Hunger Games Hysteria

March 1, 2015, Department, by Danielle Taylor

Archery helps boost concentration, focus and confidence in its athletes.For years, archery had been overshadowed in the park and rec world. More popular team sports like basketball, baseball and soccer took the limelight, and at many agencies, bows, arrows and targets collected dust, forgotten in the back corner of an equipment cage, perhaps brought out a few times a year for day-camp activities.

But then came The Hunger Games, a book series so overwhelmingly popular that it outsold Harry Potter on Amazon. In the series, protagonist Katniss Everdeen uses her hunting and archery skills to survive an annual competition in which children are forced to fight to the death in a futuristic dystopian society. The books were followed by a blockbuster movie series starting in 2012, and Hollywood quickly churned out The Avengers, Snow White and the Huntsman, Brave and Arrow over the next few months, all of which featured skilled archers and gave a new “cool” factor to the sport. Park and rec programmers nationwide quickly felt the impact of the books and films as members of their communities began clamoring for archery lessons. Interestingly, a significant proportion of those intrigued by the sport were young women and girls, driven by the take-charge examples set by heroines Katniss of The Hunger Games and Merida of Brave.

“There has clearly been heightened interest, particularly among women and girls,” says Judith Kieffer, executive director of the Los Angeles Parks Foundation, regarding archery participation levels at the city’s new Easton Rancho Park Archery Range. “Everyone in the volunteer cadre over there says how many more women and girls come to the range as beginners.”

USA Archery, the sport’s Olympic-sanctioning body, saw youth memberships increase 104 percent between 2011 and 2013 and then another 121 percent from 2013 to 2014. Memberships purchased by females similarly shot up by 105 percent in 2014. According to the Sports and Fitness Industry Association, 6,180,000 Americans tried their hand at archery in 2008, but by 2013, that number had climbed to 7,647,000 participants. Factoring in a concurrent increase in bowhunting participation, other research bodies reported even higher numbers. Regardless of the information source, it’s clear park and recreation agencies have an opportunity on their hands.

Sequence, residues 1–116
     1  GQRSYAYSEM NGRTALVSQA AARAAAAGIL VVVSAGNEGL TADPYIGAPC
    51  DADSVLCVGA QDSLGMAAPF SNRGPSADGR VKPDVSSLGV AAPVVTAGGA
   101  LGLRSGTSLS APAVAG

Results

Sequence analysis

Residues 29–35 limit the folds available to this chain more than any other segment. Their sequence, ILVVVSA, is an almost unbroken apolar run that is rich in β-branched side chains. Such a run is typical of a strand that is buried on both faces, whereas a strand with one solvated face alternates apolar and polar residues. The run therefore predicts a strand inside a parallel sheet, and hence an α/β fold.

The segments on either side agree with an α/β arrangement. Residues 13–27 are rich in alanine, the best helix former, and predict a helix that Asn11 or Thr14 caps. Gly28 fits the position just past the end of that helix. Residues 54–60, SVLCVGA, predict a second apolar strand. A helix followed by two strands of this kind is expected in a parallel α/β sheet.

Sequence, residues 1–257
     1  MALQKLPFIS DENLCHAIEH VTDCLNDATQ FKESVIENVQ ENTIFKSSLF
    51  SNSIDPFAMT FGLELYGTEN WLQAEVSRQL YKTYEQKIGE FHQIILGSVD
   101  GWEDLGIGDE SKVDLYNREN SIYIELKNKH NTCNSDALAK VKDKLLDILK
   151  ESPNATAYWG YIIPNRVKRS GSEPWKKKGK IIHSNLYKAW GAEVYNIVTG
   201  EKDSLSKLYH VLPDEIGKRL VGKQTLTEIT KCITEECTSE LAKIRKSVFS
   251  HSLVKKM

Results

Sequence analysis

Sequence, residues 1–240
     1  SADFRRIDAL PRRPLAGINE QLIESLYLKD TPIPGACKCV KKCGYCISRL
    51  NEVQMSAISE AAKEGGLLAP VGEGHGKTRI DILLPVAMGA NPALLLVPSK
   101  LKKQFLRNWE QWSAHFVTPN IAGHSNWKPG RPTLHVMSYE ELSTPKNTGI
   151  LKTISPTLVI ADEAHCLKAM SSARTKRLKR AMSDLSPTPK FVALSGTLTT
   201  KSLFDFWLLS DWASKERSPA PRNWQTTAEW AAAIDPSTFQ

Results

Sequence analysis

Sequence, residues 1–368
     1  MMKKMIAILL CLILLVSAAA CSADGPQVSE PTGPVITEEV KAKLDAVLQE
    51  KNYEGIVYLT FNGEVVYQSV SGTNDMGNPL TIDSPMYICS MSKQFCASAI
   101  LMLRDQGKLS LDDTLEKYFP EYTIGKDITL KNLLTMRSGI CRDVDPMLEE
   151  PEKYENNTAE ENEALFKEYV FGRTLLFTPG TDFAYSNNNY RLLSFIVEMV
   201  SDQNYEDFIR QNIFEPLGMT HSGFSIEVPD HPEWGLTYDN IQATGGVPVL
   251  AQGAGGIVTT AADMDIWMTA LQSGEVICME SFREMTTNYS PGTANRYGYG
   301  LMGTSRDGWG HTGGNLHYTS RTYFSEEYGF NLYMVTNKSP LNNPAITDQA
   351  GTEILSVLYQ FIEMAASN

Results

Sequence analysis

“Virginia Beach Parks and Recreation’s archery program predates the Hunger Games franchise,” shared Michael Kalvort, CPRE, director of Virginia Beach Parks and Recreation, on the NRPA Connect 10 Million Kids Outdoors forum. “However, once the books and movies gained popularity, we started including references in our program write-ups…We created a nontraditional, fun archery competition called ‘The Archery Games,’ inspired by The Hunger Games. The popularity and participation numbers for all archery classes has remained consistent since its inception with most classes reaching their maximums. We believe the popularity of the franchise has had a positive effect on awareness of archery as a sport and therefore our participation numbers. Anecdotally, many participants reference the series in our classes as reasons for their interest in the sport.” Kalvort also noted that his agency offers free archery demo days, which “usually attract more than 100 people per session and serve as a marketing tool for upcoming classes.”

At Starvation State Park in northeastern Utah, the new 3D Archery Range has attracted significant interest from park visitors and may be a contributing factor in the park’s recent revenue increases. Visitors are invited to use the course under their general entrance fee, and it offers nine stations, child and adult bows and arrows, 20 3D animal targets and three regular archery targets spread across a high desert pinyon-juniper landscape. Since the range opened last June, participation levels have been “better than we thought we would have,” says Alan Spencer, the park’s assistant manager. When asked if the recent archery-focused movies might have had an impact on the success of the range, Spencer noted, “It very well could have an influence, especially in some of the younger users. We did see more young female shooters than I thought we would have. My own daughters have certainly shown more interest from watching the movie.”

In Missouri City, Texas, Interim Assistant Director of Parks and Recreation and father Shane Mize has also seen the influx of young women taking up archery on his son’s shooting sports team. “I can attest as a parent in the club that the [number of] ladies in the archery classes has increased dramatically,” he says. “In fact, not only has it increased, but in our area of the world the large majority of girls doing archery are doing it with a long bow. The unique thing is the compound bow is easier to use, aim and is the preferred hunting option. But in shooting for purely sport, we are seeing most ladies using the long bow. So that movie has seemed to create a nonhunting faction of girls who are shooting the long bow for sport only, something that was near unheard of before those movies came out. Any girls in archery were there for hunts and all used the compound bow.”

Whether the upshot in archery participation levels will remain high after the excitement from the movies dies down remains to be seen, but the renaissance in this ancient sport is a positive development, to say the least. In addition to the benefits of archery like increased upper body strength, improved concentration and focus, enhanced coordination and other advantages, the sport also offers its athletes a boost of confidence and empowerment every time they hit their target.

Danielle Taylor is the Executive Editor of Parks & Recreation magazine.